The latest post in our Author Corner comes from Jena Pincott, author of Do Chocolate Lovers Have Sweeter Babies? The book explores the weird and wonderful science of pregnancy – the why rather than the how-to, and is a fascinating must-read for curious mums- and dads-to-be.
Her guest blog post tackles 12 old wives’ tales about pregnancy, including morning sickness, baby brain and labour pain. All these and more can be found in her new book Do Chocolate Lovers Have Sweeter Babies? which is available now from Souvenir Press in hardcover, paperback and as an e-book.
Science vs. Pregnancy Myths
Science tackles 12 old wives’ tales about pregnancy. Guess which ones endure?
Myth #1: Girls steal their mothers’ beauty: False. You might even argue that being pregnant with a girl enhances your beauty! Statistically speaking, women carrying girls have more sex during pregnancy than those carrying boys. Our breasts also grow larger when carrying a girl than a boy.
Myth #2: You’re eating for two. Not really. You’re actually eating for 1.1. Even in third trimester, this means eating only, say, three bananas more daily than you would pre-pregnancy.
Myth #3: You’ll crave dirt and clay. Possibly true. The scientific explanation: Clay seals the stomach — and, in the past, may have helped to protect mother and foetus from toxins, bacteria, and viruses.
Myth #4: Basketballs are boys, watermelons are girls: False. Truth is, your belly can be both a basketball and a watermelon during different phases of the pregnancy. If you’re pregnant with your first child, you’ll carry higher for longer into the pregnancy because the ligaments holding up the baby are tighter.
Myth #5: Girls make us sicker than boys: Somewhat true. A hormone called hCG contributes to pregnancy sickness. Generally speaking, female foetuses put out higher levels of hCG than do male foetuses.
Myth #6: More babies come out on a full moon. False. The full moon doesn’t trigger labour, according to multiple studies that track births and the lunar calendar. (Note: Nor are more loony people admitted to psych wards at this time.)
Myth #7: You can induce your own labour. Mostly false. In studies, most home-induction remedies such as walking, sex, spicy foods, castor oil haven’t had any significant effect on triggering labour. BUT there is limited evidence that nipple stimulation (breast pumping) helps the process along if you’re already close to going into labour naturally.
Myth #8: The Chinese birth calendar accurately predicts gender. False. Multiple studies have shown that when it comes to predicting gender, the Chinese birth calendar is no more accurate than flipping a coin.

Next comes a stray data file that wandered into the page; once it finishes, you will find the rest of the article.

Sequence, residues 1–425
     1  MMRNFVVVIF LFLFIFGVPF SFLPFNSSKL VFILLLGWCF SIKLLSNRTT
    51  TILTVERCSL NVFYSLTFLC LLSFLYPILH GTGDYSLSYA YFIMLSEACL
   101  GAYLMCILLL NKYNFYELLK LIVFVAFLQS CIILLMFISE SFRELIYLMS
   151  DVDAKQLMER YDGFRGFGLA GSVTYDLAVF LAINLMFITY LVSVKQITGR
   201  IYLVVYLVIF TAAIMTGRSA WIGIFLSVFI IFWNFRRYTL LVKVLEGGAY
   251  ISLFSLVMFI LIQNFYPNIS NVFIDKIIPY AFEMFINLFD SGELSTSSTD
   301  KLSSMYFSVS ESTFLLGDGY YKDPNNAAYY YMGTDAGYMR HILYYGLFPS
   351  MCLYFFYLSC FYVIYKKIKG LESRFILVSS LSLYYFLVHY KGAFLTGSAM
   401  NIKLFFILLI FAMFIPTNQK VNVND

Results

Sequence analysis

Myth #9: Babies look like their fathers. Not necessarily. Of course some do, but this doesn’t happen as a rule. The strange thing is that we really think babies often look like their dads— possibly because fathers favour look-alikes. From an evolutionary perspective, this may have reduced the risk of infanticide.
Myth #10: Pregnancy is a turn-off for men. Nope. To the contrary, some studies find that men are generally as attracted or more attracted to their wives during pregnancy than beforehand. While couples may not have sex as often as before (expectant fathers may have a lower sex drive), pregnancy is not the turn-off they fear. From an evolutionary perspective, the pregnant woman benefits from her mate’s support, and sex helps couples bond.
Myth #11: You’ll forget all about the pain. Maybe. There’s a 50/50 chance that, five years from now, you’ll think labour pains were less painful than they felt at the time. Only a small percentage of women look back at their labour pain and remember it as worse than they felt at the time.
Myth #12: You’ll get pregnesia. Probably. Many (but not all) studies find that pregnant women experience difficulty storing and retrieving memories. This may be due to hormones or the foetus diverting resources to grow her own brain. While your visual memory is intact (in fact, your ability to recognize and remember faces is better than ever), your ability to remember to do what you say you’re going to do, or recall a name or street address, may be impaired. Women carrying girls may be especially afflicted.